School boards exercise local control
In a strange moment during a usually quiet school board meeting, one board member stands up and proclaims that every class including the kindergarten shall have free soda machines in the name of hydration.
“No, nothing like that would
happen,” said Bob Vogel, director of governmental relations at the Montana School Board Association. “Board members can’t act alone. They have authority as a whole, and they work together to make decisions in the best interests of the students.”
If the entire board makes a questionable decision, the public can take action.
“People can take recourse during the next election,” he said.
The school board is a locally elected governing body, and in this area, they usually consist of five volunteer members. The Montana State Constitution gives them the power to vote on policies and the ability to supervise the school.
“They are what local control is all about,” he said. “Local control allows each board to look at the priorities of the district, and each district has different needs. People don’t often see the direct influence the board has but everything they do has an influence on student achievement.”
School boards across the valley vote on many policies pertaining to school functions including construction, transportation, curriculum, the budget, employee contracts, hiring and firing the superintendent and they approve the yearly calendar. Board members have the power to vote on issues that affect students, but they utilize support from many sources to make those decisions.
“They work with the superintendent and take recommendations from teachers and everyone else,” he said.
The school curriculum is one of the big decisions the board makes, but it isn’t like they have to sit down and design it. The superintendent, principals and teachers get together to decide on the curriculum, and they present their ideas to the board, and the board votes to adopt or reject the curriculum. The same procedure occurs with many items on the board’s agenda.
“We try to hire good administrators with good educational backgrounds and knowledge of research to help us make decisions,” said Gene Posivio, St. Ignatius School Board chairman. “We make those decisions by focusing on our goal and that is to maintain a positive learning environment for the kids and to set policy for the school. The board has to remember that they are there for the kids, and remembering that makes decisions a lot easier.”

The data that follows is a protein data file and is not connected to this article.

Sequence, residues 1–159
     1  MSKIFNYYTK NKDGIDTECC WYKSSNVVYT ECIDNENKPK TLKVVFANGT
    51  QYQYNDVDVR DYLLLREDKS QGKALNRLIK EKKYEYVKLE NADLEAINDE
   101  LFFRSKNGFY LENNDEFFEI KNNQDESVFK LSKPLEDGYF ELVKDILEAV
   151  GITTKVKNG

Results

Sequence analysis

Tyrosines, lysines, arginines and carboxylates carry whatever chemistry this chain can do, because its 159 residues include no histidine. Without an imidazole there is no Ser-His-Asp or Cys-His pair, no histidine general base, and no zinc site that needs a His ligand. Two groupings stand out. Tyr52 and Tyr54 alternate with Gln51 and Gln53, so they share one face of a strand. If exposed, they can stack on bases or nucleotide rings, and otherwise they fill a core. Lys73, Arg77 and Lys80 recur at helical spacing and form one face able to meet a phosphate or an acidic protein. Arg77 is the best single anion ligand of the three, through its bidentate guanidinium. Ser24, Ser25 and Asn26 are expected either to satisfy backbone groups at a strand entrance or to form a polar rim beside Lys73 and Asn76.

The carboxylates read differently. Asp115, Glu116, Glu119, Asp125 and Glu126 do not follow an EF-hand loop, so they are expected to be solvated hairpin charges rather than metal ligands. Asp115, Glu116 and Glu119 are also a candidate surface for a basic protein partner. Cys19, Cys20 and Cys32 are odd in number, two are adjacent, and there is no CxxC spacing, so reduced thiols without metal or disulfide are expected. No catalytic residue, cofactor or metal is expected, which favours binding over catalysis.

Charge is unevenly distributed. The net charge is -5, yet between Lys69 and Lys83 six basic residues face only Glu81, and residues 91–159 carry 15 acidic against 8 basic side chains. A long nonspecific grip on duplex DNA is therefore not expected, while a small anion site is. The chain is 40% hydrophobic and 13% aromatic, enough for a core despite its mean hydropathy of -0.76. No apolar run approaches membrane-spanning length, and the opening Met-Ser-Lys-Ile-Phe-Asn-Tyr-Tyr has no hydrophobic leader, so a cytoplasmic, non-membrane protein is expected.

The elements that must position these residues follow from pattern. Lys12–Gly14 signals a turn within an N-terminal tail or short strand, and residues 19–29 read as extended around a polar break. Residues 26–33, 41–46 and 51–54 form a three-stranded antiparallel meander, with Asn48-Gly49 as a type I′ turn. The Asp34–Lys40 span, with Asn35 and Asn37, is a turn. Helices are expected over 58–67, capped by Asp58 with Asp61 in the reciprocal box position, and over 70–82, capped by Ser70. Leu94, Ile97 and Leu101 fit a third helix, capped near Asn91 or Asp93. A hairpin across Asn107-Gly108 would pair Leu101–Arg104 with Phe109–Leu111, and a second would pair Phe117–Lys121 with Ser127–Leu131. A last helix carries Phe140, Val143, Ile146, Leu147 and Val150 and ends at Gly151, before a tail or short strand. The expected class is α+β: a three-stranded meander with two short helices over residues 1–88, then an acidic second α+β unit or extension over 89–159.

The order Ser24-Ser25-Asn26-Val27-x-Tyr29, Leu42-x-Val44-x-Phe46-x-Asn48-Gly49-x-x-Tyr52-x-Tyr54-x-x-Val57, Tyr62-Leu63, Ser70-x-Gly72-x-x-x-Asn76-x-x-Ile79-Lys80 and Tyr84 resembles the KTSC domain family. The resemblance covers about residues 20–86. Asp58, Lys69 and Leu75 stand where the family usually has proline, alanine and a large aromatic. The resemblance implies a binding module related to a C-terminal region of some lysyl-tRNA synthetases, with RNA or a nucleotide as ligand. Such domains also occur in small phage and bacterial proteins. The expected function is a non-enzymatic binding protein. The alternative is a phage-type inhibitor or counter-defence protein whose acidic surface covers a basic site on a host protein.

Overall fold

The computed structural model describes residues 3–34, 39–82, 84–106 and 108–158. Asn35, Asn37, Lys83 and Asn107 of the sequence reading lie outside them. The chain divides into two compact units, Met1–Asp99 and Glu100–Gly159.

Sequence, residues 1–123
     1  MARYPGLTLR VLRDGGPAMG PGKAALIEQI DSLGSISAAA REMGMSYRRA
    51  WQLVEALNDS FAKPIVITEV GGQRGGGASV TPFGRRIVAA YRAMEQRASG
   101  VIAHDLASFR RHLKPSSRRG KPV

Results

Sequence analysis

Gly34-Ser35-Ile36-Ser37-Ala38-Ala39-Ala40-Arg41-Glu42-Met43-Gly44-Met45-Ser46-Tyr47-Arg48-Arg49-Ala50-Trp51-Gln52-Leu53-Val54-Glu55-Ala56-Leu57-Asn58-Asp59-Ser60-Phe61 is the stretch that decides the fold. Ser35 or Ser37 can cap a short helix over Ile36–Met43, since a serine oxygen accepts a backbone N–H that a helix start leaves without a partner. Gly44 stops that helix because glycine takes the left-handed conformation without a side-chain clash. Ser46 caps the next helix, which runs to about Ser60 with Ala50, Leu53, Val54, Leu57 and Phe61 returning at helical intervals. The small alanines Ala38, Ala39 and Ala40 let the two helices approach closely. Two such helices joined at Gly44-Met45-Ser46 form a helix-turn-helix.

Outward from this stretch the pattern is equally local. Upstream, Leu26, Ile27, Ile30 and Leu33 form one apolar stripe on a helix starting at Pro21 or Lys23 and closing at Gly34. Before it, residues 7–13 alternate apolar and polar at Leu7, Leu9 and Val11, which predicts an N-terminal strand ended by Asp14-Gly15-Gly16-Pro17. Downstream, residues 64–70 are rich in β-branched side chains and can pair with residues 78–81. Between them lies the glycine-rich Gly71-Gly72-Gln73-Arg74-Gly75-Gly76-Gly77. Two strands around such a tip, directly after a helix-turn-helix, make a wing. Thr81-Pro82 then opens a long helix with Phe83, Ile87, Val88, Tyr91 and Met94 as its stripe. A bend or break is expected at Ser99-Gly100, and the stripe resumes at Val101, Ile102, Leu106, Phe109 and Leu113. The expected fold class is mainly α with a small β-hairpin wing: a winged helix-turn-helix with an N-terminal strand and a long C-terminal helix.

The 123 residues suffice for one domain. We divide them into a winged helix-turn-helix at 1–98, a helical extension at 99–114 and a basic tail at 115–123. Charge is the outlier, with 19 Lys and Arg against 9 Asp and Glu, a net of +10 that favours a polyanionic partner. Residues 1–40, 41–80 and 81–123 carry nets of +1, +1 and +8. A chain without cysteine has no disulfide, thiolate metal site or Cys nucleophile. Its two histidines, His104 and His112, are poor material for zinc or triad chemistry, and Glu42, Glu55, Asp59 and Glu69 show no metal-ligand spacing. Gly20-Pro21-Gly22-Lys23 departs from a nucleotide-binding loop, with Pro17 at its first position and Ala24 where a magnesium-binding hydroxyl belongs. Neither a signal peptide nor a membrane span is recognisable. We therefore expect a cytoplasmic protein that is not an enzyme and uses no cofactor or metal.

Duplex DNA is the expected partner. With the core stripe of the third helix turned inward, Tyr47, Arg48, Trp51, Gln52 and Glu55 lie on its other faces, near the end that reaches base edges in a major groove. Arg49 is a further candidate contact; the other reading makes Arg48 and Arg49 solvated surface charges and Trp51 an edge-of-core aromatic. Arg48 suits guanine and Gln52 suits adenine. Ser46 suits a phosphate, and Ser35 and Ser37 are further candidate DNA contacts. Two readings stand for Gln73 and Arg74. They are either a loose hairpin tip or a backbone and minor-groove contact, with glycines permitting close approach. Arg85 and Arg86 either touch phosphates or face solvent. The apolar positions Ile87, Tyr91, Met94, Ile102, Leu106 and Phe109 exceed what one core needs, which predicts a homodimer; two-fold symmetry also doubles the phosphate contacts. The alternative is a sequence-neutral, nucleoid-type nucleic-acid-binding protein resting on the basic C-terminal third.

A school’s budget is often another agenda item. The superintendent is responsible for creating the budget. If the board doesn’t agree with it, the superintendent makes changes.
“The budget is brought forth by the superintendent and we make our judgment,” he said. “The biggest problem we have now with the budget is that we have less state and federal money to work with.”
Sometimes, the board makes a decision that doesn’t work well for the school, and those policies can be put back on the agenda for another vote.
“If a policy is not working, we look at ways to change it,” he said.
The board has a number of
outside resources to rely on including national and state school board associations, which provide recommendations and workshops to help board members stay informed and make decisions. The public, which includes students, is another resource for input, and people have the right to attend board meetings and add public comment.
“The public can have the superintendent put something on the agenda, but they usually try to solve the issue before it even gets to us,” he said. “We are usually the last in line for people with issues.”
Posivio is a retired schoolteacher. He said being on the “other side” has taught him a lot about the board, including the many aspects of the budget. He decided to run for election about seven years ago in what was a good example of how the system works. He was unhappy with the way the board was voting, so he decided to run during the election.
“We each have three-year terms, and every year someone comes up for election,” he said. “If you don’t like a board member, vote them out.”
Serving on the board is a commitment. Board members attend regular monthly meetings, special meetings and workshops. Volunteering on the board is the way Polson School Board Chairperson Caroline McDonald uses her skills to stay involved.
“When looking at ways to volunteer, I looked at the school board,” she said. “You can have a profound difference by working with friends and neighbors even if you disagree on things because ultimately we have the same interests in fleshing out what is best for the kids.”